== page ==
In Brief

Identity theft 'at epidemic levels'

The elderly are no longer the most likely victims as fraudsters target men in their 20s, 30s and 40s

Identity theft in the UK is reaching "epidemic levels", according to the country's leading fraud-prevention group.

More than 89,000 cases were recorded in the first six months of this year by anti-fraud organisation Cifas, a five per cent rise on the same period last year and a new record.

The crime, in which fraudsters obtain personal information before applying for loans and credit cards in that person's name, accounts for more than half of all fraud recorded by Cifas.

More than four in five of these are committed online, with the most likely victims in the 30s and 40s, often because a substantial amount of information about them has been gathered online.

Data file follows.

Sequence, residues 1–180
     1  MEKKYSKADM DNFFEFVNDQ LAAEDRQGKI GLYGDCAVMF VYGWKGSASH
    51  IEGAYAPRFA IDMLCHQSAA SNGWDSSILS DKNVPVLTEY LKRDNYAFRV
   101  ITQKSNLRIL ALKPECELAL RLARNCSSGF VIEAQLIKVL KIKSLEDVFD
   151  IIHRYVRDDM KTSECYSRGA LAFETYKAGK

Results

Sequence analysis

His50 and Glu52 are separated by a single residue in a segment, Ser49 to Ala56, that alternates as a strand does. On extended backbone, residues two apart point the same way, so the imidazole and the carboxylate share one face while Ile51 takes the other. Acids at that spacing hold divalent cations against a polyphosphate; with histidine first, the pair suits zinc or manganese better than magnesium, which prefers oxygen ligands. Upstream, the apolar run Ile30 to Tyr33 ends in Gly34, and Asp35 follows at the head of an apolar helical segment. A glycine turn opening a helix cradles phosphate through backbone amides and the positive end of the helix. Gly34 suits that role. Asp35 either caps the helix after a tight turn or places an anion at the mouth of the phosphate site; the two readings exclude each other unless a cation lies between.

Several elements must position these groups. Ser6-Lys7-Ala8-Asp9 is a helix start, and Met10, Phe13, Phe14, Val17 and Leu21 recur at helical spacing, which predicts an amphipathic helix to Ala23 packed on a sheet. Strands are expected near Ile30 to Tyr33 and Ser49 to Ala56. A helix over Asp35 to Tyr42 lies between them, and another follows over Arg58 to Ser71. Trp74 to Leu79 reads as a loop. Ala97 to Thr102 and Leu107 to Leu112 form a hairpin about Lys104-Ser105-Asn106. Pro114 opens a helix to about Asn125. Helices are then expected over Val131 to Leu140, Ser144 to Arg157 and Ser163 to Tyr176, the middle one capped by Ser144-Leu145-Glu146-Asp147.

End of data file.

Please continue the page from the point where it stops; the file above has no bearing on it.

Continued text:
Separate research by the credit-checking company Experian found that victims are increasingly likely to be male, aged in their 20s and living in London. The stereotype of a fraud victim being elderly and vulnerable no longer applies.

While many victims are often unaware they have been the victim of identity theft, the BBC's Rory Cellan-Jones warns that having an online presence makes it "quite hard to avoid".

"Identity theft is big business," he says. With the amount of personal data online and an ever-increasing number of hackers, "it is thriving on the dark web".

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